A local man has been charged with disorderly conduct, among other things, after throwing a catfish on the ice at Game 1 of the Stanley Cup Finals.
Nashville Predators + Catfish?
There was nothing fishy about Monday night’s Nashville Predators’ Game game against the Penguins.
A local man has been charged with disorderly conduct, among other things, after throwing a catfish on the ice at Game 1 of the Stanley Cup Finals. Predators fans, Nashville stars, and City Council members have joined together to support Jacob Waddell and the charges he is facing. One of which, disorderly conduct, is defined under Pennsylvania law in 18 Pa.C.S. § 5503 as:
(a) A person is guilty of disorderly conduct if, with intent to cause public inconvenience, annoyance or alarm, or recklessly creating a risk thereof, he:
(1) engages in fighting or threatening, or in violent or tumultuous behavior;
(2) makes unreasonable noise;
(3) uses obscene language, or makes an obscene gesture; or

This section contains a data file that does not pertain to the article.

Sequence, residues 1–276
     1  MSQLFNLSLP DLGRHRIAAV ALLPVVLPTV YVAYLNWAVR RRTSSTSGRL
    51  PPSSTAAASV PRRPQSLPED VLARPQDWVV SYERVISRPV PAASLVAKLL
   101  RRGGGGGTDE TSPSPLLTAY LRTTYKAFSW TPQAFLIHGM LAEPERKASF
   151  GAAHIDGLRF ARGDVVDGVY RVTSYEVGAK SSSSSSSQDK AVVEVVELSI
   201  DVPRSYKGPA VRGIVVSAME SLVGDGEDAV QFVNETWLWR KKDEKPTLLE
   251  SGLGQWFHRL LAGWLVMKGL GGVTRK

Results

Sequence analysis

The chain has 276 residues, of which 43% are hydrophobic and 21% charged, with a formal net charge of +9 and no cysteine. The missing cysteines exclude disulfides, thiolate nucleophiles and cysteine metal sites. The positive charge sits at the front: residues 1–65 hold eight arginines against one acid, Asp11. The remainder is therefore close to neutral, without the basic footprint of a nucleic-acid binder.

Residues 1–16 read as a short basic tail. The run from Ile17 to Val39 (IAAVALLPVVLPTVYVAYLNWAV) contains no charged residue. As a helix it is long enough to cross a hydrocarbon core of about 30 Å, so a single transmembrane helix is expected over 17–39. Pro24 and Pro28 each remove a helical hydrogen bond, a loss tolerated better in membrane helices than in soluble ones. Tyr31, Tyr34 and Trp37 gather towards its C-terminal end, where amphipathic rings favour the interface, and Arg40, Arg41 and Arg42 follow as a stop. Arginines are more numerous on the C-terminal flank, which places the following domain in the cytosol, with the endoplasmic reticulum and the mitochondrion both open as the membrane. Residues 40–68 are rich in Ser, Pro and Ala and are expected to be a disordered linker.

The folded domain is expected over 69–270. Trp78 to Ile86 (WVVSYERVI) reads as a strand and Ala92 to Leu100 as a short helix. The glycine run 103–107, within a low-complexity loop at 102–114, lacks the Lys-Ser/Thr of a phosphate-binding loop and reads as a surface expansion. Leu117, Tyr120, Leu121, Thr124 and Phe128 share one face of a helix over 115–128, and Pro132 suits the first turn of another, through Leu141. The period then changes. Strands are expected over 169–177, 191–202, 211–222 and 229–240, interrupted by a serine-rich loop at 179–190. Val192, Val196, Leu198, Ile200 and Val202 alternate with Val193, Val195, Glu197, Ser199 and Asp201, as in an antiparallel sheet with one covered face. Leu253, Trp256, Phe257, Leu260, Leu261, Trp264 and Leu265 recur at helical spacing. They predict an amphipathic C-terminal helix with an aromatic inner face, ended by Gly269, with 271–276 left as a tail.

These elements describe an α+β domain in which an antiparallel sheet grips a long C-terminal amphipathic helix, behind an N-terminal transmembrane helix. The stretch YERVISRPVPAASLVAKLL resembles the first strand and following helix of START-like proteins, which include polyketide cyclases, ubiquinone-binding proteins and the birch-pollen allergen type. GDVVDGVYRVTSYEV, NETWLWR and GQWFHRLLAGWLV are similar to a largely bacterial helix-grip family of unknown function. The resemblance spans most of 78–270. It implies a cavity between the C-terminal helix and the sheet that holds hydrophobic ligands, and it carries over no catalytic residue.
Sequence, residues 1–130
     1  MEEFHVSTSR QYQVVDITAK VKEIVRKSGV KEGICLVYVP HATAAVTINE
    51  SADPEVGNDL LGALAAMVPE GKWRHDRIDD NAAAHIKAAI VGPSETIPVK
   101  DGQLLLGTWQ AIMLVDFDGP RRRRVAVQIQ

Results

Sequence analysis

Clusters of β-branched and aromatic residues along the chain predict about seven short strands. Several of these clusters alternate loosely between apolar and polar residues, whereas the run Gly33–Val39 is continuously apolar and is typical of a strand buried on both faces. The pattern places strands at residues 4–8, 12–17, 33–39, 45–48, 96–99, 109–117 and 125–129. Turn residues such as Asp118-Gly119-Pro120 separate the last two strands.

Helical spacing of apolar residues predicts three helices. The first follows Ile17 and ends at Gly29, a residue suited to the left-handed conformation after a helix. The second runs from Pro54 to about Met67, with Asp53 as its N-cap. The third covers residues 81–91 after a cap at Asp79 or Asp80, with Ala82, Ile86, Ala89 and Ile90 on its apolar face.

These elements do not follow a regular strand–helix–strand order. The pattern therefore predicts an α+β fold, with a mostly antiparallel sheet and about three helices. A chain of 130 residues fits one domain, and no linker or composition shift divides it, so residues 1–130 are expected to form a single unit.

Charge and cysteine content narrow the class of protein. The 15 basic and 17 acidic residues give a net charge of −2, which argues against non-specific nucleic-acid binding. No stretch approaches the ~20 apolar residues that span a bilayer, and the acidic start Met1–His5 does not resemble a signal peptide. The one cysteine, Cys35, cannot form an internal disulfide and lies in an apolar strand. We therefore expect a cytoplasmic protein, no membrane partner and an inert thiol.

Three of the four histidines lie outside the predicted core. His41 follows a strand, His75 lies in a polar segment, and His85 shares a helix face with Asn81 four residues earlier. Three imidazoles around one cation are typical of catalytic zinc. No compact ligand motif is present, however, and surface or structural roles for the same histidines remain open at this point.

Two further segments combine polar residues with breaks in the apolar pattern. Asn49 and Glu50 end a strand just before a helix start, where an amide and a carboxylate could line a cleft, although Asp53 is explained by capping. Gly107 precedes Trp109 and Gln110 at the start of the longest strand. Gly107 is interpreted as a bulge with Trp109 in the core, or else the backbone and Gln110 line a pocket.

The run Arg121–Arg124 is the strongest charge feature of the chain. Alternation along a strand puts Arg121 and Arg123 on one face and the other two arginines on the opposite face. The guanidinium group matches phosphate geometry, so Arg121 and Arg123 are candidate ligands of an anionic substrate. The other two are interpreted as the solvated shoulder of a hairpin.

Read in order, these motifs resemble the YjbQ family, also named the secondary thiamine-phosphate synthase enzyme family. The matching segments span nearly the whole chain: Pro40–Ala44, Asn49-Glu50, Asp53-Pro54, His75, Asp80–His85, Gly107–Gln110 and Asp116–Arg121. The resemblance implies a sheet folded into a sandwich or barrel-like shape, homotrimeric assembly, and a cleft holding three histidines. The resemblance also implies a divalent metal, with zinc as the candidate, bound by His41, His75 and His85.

(4) creates a hazardous or physically offensive condition by any act which serves no legitimate purpose of the actor.
Let’s break this down for a minute.
Mr. Waddell violated no part of the statute because:
- There was no violent or threatening of violence to any person or the catfish;
- The catfish was silent as it soared through the air making no unreasonable noise;
- Mr. Waddell used no obscene gesture or language as he threw the fish gloriously through the air;.
- There was clearly a legitimate purpose in the actions taken by Mr. Waddell being to rally the Preds! And it worked! see the Ryan Ellis goal immediately thereafter.
For the foregoing reasons, we believe the charges should be dropped. Mr. Waddell brought tradition into the rink at PPG Paints Arena; if the Penguins weren’t ready to play the Predators, they should have stayed at home.